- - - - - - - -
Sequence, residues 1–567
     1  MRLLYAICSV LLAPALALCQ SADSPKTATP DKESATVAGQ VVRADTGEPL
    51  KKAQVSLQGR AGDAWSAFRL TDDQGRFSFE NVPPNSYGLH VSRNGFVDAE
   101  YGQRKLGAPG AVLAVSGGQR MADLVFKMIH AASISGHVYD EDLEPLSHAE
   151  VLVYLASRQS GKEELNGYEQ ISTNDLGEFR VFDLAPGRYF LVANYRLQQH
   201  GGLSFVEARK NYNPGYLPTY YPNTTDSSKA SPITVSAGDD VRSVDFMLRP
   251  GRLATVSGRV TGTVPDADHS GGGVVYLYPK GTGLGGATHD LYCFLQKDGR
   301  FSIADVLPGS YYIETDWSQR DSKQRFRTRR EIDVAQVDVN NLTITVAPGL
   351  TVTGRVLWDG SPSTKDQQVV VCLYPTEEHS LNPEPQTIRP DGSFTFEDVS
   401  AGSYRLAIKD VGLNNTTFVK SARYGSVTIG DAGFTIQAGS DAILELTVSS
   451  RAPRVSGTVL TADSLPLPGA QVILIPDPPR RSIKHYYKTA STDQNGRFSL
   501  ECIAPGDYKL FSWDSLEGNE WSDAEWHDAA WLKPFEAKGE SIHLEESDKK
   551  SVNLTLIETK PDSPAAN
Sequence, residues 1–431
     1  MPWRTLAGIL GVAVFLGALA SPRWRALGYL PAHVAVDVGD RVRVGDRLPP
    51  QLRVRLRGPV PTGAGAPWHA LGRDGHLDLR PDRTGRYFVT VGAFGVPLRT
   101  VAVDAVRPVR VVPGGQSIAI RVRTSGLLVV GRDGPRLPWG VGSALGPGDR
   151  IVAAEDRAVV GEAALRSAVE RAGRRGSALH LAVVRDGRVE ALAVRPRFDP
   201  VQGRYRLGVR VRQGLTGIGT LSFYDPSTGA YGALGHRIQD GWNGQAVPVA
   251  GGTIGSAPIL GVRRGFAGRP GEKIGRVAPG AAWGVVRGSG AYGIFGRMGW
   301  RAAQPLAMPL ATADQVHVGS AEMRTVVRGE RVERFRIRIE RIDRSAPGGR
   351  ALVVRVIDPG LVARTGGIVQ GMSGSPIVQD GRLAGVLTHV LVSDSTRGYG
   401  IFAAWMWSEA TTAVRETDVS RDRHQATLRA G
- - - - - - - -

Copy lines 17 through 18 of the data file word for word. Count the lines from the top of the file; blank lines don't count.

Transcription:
   101  VAVDAVRPVR VVPGGQSIAI RVRTSGLLVV GRDGPRLPWG VGSALGPGDR
   151  IVAAEDRAVV GEAALRSAVE RAGRRGSALH LAVVRDGRVE ALAVRPRFDP